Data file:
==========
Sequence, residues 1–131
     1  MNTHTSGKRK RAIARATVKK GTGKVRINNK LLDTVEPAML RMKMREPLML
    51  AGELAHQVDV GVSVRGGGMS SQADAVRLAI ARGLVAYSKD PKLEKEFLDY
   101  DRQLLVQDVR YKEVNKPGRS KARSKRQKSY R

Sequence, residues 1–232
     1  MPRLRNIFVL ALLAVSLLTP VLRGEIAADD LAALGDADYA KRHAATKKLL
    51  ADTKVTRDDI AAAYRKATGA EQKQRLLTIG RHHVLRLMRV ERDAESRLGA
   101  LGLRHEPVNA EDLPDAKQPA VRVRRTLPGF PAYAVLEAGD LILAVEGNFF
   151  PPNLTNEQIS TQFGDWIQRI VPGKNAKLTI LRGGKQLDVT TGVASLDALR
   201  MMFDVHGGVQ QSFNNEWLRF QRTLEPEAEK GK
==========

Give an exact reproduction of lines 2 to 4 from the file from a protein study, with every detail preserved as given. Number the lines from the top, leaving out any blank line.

     1  MNTHTSGKRK RAIARATVKK GTGKVRINNK LLDTVEPAML RMKMREPLML
    51  AGELAHQVDV GVSVRGGGMS SQADAVRLAI ARGLVAYSKD PKLEKEFLDY
   101  DRQLLVQDVR YKEVNKPGRS KARSKRQKSY R